The Arizona Legislature is weeks away from gaveling in for its Second Regular Session on Jan. 11, 2022, but some lawmakers are already filing bills that would rein in the powers of local school boards.

One bill, filed by Rep. Steve Kaiser, R-Phoenix, would empower lawmakers to request an investigation from the Arizona Attorney General’s Office into an alleged breach of state law.

Current Arizona law states that any lawmaker can file a request to “investigate any ordinance, regulation, order or other official action adopted or taken by the governing body.” Kaiser’s measure would add “school districts or charter schools” to the list of entities that can be investigated.

In addition, a school board found breaking a law could have some state funding withheld until legislative leaders confirm the situation is remedied under HB 2009.

State Sen. Michelle Ugenti-Rita, R-Scottsdale, pre-filed SB 1010 on Dec. 1. If enacted, it would allow for peaceful protests on school grounds after school hours.

It would also make school board elections a partisan affair.

“Notwithstanding any other law, all elections for school district governing board members in this state shall be conducted using a partisan primary election followed by a general election as otherwise prescribed by law and in the form substantially similar to that used for countywide or state elections,” her bill states.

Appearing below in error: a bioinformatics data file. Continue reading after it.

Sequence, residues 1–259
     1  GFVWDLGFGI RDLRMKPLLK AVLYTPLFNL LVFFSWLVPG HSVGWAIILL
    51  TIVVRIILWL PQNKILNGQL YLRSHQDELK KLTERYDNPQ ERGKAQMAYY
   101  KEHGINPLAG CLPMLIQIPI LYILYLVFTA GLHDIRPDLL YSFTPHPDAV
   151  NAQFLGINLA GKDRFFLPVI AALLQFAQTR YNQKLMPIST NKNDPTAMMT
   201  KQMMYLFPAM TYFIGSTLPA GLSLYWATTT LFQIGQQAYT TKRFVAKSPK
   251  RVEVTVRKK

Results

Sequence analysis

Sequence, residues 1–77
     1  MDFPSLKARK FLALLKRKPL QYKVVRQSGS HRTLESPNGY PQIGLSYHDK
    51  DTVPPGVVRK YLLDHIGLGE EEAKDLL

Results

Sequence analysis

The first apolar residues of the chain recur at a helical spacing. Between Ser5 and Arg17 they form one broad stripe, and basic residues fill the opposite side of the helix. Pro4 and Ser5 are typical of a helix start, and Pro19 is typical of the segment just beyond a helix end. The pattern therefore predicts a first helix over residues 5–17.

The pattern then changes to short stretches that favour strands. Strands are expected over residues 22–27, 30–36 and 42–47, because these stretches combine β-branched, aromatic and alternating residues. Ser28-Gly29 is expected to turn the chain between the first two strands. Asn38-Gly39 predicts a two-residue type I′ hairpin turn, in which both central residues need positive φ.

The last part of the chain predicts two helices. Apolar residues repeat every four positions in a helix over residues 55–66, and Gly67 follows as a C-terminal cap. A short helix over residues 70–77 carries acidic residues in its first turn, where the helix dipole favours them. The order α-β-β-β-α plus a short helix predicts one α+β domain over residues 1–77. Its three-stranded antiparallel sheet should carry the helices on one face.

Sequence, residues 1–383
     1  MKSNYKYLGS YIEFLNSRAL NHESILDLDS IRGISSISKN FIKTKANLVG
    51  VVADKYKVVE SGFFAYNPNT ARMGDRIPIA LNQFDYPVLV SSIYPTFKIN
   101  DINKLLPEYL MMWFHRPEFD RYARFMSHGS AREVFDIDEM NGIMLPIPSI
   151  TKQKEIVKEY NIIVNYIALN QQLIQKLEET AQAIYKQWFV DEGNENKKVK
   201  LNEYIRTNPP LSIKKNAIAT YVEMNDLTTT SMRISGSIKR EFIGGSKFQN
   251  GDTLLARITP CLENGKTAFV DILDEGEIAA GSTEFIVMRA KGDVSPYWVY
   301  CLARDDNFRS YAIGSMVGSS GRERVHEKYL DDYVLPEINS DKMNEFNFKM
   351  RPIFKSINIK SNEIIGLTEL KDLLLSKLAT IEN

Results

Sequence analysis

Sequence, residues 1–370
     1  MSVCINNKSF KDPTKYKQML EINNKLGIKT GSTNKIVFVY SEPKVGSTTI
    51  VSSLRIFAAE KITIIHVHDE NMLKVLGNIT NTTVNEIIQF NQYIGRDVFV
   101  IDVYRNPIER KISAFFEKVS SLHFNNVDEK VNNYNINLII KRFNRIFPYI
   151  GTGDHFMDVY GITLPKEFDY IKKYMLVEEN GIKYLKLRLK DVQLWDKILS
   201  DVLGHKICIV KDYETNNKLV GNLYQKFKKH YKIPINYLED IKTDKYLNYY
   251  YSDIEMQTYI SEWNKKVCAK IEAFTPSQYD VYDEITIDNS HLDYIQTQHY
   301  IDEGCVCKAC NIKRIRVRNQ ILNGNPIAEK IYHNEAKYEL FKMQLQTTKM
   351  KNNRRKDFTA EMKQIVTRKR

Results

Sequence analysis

Ugenti-Rita talked about the bill on Twitter.

“My bill is about transparency,” Ugenti-Rita said on Dec. 1. “Voters deserve to know the political ideology of candidates wishing to serve on school boards. Having candidates identify what party they’re registered as helps communicate their beliefs [and] values to voters. Why would any candidate be afraid of that?”

The legislation is filed days after the Scottsdale Police Department ended its investigation into Scottsdale Unified School District board member Jann-Michael Greenburg and allegations that he had kept an online dossier containing private information of activist parents who had been protesting COVID-19 mandates and other issues. SPD found nothing criminal in the online account.

Greenburg stepped down from his role as board president but did not resign from the board.

Lawmakers added a ban on controversial topics like Critical Race Theory into the current state budget. A judge ruled that grouping multiple different topics into a budgetary bill, referred to as logrolling, ran afoul of the state constitution and struck down the ban.